Thursday, November 30, 2023

Get Your Crawl On: Our Top Picks for Verb Wellington

Calling booklovers: it’s that time of year when Wellingtonians and out-of-towners converge for the world-class literary festival Verb Wellington (, 2-6 November). This year’s theme is ‘Radical Possibility’, and it’s very possible that there’s something for everyone. Take your pick from all the author and panel discussions, performance poetry, a literary pub quiz – and witness the return of both Michele A’Court’s open-mic Feminist Rage Night, and the Bad Diaries Salons where writers read generally-embarrassing excerpts from their younger selves’ diaries.

The core event is LitCrawl Wellington on Saturday 5 November. Choose from 25 events held in well-known and very-random venues across three timeslots: 6pm-6.45pm, 7.15-8pm, and 8.30-9.15pm. The idea is that you crawl (well, hopefully walk, notwithstanding pre-drinks) between venues. First in, first served; not ticketed; koha of $5 recommended. (The 40-plus sessions outside of LitCrawl, and the LitCrawl after-party, are ticketed; the children’s day events are free._

Here are some of our top picks, with bite-size bullet points for quick digestion.

‘Calm down! how we hate that term and why, in fact, we should.’ Writer Nicky Pellegrino speaks with Dr Sarb Johal, who has written the book Finding Calm, about why the phrase ‘calm down’ is so annoying and what we could do to help reduce anxiety.

Hot Topics:

*anxiety and mental health                                                                                    


*state of the world


*staying safe online

5 November, 7:15-8pm, Bicycle Junction.

‘Mothers and Metamorphosis: Noelle McCarthy’.

Broadcaster Noelle McCarthy’s memoir Grand: Becoming My Mother’s freewheels across the pubs and streets of Catholic Ireland, and the clubs of Auckland in the new millennium. It’s a portrait of a mother-daughter relationship, and a meditation on the demons we inherit.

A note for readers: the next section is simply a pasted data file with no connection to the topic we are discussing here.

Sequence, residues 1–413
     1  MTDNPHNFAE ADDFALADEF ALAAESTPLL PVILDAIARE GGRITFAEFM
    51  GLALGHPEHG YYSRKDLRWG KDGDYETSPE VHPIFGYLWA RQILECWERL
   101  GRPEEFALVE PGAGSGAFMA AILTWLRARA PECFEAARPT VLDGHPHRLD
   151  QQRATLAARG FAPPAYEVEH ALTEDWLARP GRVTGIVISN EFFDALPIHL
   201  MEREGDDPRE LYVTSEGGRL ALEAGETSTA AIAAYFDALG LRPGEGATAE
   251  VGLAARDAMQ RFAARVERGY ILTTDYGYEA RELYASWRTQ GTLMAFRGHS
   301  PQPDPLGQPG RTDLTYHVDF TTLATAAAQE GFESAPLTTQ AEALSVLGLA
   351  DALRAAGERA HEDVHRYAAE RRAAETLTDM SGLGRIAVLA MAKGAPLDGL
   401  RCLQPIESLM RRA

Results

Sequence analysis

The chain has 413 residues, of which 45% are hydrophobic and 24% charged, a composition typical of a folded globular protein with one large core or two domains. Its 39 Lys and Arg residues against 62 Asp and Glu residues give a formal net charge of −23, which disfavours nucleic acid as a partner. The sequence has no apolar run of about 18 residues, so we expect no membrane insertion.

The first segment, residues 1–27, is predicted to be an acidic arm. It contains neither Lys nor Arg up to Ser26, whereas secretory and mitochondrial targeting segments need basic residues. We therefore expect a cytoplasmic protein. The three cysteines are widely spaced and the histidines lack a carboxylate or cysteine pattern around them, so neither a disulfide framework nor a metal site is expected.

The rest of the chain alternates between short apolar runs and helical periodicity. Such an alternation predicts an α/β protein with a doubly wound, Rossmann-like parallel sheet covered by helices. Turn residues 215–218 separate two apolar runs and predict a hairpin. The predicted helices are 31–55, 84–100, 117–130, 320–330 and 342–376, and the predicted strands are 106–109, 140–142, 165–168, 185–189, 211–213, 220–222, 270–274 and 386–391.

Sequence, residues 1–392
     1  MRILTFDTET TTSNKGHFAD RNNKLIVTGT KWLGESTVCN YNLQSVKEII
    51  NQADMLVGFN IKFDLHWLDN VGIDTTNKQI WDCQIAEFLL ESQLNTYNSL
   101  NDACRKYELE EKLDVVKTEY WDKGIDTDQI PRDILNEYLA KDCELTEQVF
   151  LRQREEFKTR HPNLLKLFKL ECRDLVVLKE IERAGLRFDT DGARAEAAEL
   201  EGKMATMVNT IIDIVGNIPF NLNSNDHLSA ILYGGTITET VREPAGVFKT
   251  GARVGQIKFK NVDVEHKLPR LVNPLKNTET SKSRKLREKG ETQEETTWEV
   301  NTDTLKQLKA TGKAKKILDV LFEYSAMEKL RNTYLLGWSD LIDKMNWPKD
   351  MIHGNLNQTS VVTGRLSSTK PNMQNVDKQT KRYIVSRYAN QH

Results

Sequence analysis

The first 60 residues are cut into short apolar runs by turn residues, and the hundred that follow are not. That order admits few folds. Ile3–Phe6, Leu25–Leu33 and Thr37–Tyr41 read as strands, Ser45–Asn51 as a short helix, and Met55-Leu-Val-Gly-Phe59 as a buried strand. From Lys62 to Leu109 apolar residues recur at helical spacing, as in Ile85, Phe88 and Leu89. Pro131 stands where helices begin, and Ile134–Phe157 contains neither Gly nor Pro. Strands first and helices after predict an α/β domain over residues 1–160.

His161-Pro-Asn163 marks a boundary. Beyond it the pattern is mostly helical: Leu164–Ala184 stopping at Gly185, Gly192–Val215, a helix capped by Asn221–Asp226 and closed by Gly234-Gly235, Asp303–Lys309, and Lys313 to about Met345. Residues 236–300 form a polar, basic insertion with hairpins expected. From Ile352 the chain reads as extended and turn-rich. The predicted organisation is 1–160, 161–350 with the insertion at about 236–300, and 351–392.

Hot Topics:

*alcoholism and recovery

*mother-daughter relationships

*writing process

*the nature of memoir

*living life in the public eye

5 November, 4-5pm, Meow.

‘The Radical Possibility of Domestic Mess’.

Writing whenever her baby slept, Louise Wallace chopped out chunks of text from a pregnancy guide, turned them into poem fragments, and sent them to fellow mum Anna Perry, who responded with paintings of domestic scenes curiously absent of humans.

Hot Topics:

*domesticity as work

*invisible labour

*art collaborations and the idea of ‘women’s art’

*the language of ‘home’

*subverting the narratives of domestic life and work

6 November, 1-2pm, Bowen Galleries,

‘Menopause with Mimosas’.

Authors Nicky Pellegrino (To Italy With Love, Don’t Sweat It) and Niki Bezzant (This Changes Everything) – who’ve written about menopause – talk to Sarah Connor, the woman behind Menopause Over Martinis: a movement inviting friends, family and colleagues to talk about perimenopause and menopause.

Hot Topics:

*women’s health                                                                              

*awareness and symptoms of menopause

*fighting for equality in the workplace

*the medical system (needs improving)

*the power of ageing

6 November, 10-11am, Meow.

And catch ‘The Possibility of the Personal’ session with Sarah Jane Barnett, who talked to us after her oh-so-good memoir/feminist manifesto Notes on Womanhood.

6 November, 3-4pm, City Gallery

Poise, Power & Problems: I Wore Heels for a Week for the First Time in… FOREVER. Here’s What Happened

Kelly Bertrand, like so many of us, eschewed heels following the pandemic after abandoning the corporate office life. But is she missing something? She...

The Motherhood Diaries: What It’s Like To Be A Midwife Going Through IVF ‘You Have To Give Yourself A Lot Of Grace’

If you've ever gone through a fertility journey, you'll know first-hand that dealing with other people's pregnancies can be a minefield. But what happens...

‘We Struggle So Much To Even Have A Career After Kids’: Why ‘Picking Up The Mum Slack’ Is A Feminist Issue

In part one of our 'the mum slack' story, we looked at the expectation being placed on child-free women to take over the time...

‘I’m Sick Of Picking Up ‘The Mum Slack”: Why Childfree Women Are Tired Of Covering For Mothers At Work

Many child-free women are silently sick of picking up 'the mum slack' because the mothers they work with arrive late or leave early to...